Flashcards in Hemodynamics Deck (22)
What are the constraints of Poiseulle's Law?
It only applies to the laminar flow of Newtonian fluids.
What is Poiseulle's Law?
F = [(Pi-Po)π(r^4)]/[8Ln]
Flow is proportional to the pressure gradient and the radius to the 4th power. It is inversely proportional to the viscosity.
What is the equation for resistance to flow?
R = [8Ln]/ [π(r^4)]
Resistance is proportional to the viscosity length and is inversely proportional to the radius to the 4th power.
What is viscosity?
Viscosity is the internal frictional resistance and it increases as the length and the hematocrit increases.
It is equal to: Shear Stress/Shear Rate (Pressure/Velocity)
What is the shear stress?
Resistance to movement between laminae (pressure)
What is the shear rate?
Relative velocities between laminae (velocity of blood flow)
What is laminar flow?
Fluid moves in parallel concentric layers.
What is turbulent flow?
Disorderly flow in the vessels.
What is Reynold's number equal to?
Rn = pDv/n
p = density
D = diameter
v = velocity
n = viscosity
At what value of the Reynold's number does turbulent flow occur?
What can turbulent blood flow cause?
It can cause:
b) damage to endothelial lining
d) Korotkoff sounds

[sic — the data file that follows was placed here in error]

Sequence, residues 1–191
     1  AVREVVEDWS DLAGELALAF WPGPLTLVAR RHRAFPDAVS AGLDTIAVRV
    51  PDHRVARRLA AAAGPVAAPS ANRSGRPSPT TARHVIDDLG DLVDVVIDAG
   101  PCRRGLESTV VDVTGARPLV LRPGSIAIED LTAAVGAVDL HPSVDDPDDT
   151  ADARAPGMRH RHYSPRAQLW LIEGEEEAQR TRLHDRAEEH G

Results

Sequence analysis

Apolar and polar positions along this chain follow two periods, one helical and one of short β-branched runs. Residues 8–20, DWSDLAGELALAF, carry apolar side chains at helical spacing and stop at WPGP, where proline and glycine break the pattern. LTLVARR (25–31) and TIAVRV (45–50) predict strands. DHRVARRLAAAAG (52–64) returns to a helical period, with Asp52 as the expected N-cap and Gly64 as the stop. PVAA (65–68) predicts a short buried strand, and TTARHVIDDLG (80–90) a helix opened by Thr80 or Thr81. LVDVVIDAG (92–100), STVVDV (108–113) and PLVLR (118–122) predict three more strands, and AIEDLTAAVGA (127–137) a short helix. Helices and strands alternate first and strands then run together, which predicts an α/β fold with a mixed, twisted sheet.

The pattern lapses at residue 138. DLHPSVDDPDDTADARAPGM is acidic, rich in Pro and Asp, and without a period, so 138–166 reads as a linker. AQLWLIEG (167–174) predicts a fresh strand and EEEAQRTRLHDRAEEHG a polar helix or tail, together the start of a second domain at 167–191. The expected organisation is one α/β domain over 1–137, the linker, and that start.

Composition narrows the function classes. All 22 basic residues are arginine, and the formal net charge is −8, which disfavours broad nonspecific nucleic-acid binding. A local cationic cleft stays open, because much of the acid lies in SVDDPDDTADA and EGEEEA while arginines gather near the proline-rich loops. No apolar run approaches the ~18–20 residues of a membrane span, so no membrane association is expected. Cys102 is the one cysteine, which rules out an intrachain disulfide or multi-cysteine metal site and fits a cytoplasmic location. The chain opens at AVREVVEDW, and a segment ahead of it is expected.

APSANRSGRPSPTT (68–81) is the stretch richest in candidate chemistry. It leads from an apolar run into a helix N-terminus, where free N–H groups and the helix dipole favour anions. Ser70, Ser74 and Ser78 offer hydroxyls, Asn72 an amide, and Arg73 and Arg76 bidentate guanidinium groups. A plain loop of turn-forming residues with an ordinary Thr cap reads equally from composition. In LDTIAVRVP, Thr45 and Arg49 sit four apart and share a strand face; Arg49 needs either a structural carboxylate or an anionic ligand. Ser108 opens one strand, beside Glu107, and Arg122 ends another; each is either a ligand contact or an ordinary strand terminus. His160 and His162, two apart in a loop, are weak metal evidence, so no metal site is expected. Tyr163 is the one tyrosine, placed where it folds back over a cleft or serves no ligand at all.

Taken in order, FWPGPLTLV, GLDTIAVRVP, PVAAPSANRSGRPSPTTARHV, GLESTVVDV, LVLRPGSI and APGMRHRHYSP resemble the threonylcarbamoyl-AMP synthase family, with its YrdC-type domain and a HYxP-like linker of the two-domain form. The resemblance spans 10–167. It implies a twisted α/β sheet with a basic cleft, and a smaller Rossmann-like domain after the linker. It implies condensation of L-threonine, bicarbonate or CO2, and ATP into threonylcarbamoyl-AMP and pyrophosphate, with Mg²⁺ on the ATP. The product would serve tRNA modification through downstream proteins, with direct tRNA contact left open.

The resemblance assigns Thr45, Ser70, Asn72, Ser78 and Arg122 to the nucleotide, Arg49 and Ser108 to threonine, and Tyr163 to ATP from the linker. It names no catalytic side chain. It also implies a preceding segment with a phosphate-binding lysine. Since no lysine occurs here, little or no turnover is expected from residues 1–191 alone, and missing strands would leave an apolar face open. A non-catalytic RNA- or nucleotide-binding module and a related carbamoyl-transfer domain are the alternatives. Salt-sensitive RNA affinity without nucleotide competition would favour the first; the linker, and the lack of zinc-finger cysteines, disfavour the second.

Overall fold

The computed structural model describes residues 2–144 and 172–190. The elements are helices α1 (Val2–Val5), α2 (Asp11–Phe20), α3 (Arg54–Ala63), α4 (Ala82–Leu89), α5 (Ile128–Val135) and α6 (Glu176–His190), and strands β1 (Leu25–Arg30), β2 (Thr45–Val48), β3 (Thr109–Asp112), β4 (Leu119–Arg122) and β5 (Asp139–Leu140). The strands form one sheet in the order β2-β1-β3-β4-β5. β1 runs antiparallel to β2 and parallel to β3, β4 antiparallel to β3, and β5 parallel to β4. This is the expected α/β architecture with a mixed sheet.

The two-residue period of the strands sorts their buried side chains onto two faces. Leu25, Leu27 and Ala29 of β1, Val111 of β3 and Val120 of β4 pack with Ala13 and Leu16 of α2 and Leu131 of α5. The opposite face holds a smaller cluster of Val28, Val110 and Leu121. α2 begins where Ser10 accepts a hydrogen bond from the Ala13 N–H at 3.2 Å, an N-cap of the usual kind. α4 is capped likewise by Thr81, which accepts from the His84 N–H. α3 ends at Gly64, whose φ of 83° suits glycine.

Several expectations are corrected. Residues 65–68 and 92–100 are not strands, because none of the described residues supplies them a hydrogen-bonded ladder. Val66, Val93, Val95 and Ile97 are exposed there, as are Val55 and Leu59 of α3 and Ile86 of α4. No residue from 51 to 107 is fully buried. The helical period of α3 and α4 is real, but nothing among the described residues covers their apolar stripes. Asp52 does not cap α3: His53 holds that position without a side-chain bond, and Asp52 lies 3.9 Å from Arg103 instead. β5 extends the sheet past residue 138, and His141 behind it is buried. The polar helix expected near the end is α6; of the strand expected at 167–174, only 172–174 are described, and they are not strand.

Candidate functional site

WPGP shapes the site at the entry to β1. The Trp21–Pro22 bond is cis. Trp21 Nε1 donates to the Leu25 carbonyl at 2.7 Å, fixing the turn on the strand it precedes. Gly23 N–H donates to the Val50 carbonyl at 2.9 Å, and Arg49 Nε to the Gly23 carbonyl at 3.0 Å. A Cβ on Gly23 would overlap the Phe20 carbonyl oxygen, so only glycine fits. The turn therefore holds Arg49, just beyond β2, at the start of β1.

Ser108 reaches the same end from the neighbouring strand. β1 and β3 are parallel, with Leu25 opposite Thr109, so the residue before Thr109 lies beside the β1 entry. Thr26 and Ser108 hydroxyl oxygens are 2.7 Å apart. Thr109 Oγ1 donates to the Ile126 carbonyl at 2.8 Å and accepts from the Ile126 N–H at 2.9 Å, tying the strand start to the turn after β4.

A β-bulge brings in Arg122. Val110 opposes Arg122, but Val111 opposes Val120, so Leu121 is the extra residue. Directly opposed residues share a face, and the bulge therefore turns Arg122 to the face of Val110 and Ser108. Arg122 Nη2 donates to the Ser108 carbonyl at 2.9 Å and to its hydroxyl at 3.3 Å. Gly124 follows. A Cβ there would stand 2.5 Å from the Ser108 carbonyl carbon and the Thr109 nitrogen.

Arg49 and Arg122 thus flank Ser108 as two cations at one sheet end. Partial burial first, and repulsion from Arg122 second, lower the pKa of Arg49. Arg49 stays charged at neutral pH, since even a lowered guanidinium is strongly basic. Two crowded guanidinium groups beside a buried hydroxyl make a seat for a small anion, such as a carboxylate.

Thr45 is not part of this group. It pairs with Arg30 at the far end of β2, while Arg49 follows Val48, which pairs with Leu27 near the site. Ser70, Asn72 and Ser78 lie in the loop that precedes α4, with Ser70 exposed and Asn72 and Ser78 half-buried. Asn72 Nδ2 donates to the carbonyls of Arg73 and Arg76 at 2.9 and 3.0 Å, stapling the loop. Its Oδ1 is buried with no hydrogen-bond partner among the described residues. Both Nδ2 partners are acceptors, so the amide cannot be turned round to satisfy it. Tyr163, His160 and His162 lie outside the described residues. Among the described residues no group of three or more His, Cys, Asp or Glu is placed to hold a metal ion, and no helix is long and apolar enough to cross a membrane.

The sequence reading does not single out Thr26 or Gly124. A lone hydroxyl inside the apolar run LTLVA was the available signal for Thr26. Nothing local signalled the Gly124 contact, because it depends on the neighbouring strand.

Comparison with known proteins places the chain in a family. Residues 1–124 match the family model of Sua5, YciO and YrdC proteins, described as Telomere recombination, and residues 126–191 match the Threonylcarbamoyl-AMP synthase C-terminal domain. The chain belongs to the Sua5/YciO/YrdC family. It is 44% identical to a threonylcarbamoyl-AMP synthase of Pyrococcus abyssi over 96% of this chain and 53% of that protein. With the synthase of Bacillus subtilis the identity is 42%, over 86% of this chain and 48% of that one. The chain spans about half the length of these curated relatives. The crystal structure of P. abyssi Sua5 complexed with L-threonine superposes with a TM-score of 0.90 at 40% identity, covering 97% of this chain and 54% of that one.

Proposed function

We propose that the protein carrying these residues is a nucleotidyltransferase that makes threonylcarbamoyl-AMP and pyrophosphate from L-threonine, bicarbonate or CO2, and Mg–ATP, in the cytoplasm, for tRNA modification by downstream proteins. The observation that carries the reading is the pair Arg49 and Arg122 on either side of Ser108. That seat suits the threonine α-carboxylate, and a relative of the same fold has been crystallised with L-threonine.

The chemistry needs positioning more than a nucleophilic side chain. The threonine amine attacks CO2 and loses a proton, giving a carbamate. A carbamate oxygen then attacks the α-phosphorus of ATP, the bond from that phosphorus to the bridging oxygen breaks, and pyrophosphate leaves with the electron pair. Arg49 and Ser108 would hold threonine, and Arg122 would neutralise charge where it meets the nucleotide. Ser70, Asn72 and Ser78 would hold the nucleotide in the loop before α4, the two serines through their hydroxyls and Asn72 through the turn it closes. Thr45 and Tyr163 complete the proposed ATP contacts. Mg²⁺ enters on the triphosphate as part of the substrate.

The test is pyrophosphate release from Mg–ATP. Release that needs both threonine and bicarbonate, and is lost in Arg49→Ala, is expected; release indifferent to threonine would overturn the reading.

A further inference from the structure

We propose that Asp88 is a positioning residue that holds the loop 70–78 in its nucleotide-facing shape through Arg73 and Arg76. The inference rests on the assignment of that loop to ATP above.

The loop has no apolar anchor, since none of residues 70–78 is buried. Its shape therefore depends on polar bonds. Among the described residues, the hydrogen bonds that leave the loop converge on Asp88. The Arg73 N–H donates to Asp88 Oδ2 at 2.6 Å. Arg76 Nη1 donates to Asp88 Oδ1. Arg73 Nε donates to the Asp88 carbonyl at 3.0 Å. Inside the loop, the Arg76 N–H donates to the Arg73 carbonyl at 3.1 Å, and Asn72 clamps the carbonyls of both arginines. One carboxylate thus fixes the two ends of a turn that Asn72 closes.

What is the Bernoulli Principle?
In a constant flow system, the total energy of summing the kinetic and potential energies, is constant.
What is the Bernoulli Principle important in?
It is important in stenosis as a decrease in the cross sectional area will result in an increase in the kinetic energy.
What is the Laplace relationship?
Tension = (Pressure x Radius)/Wall Thickness
How does the Laplace relationship apply to capillaries?
Capillaries have: small radius = low wall tension, so they can withstand very large transmural pressures.
How does the Laplace relationship apply to arteriolar vasoconstriction?
They have relatively large wall thickness/lumen diameter ratio = low wall tension; so it provides greater control of vessel diameter and blood flow.
How does the Laplace relationship apply to aneurysms?
Aneurysms have a large radius = high wall tension; so it cannot withstand transmural pressures and therefore will eventually rupture.
How does the Laplace relationship apply to dilated hearts?
Dilated hearts have large radius = high wall tension = higher afterload, results in more systolic work, and higher oxygen consumption to overcome higher wall tension.
What happens to velocity as cross sectional area increases?
Why does velocity decrease from the aorta to capillaries if the cross sectional area is decreasing?
The overall cross-sectional area of all of the capillaries is increasing much more than the arteries that it is coming from and so the velocity will decrease.
How is series resistance calculated?
R1 + R2 + R3 ...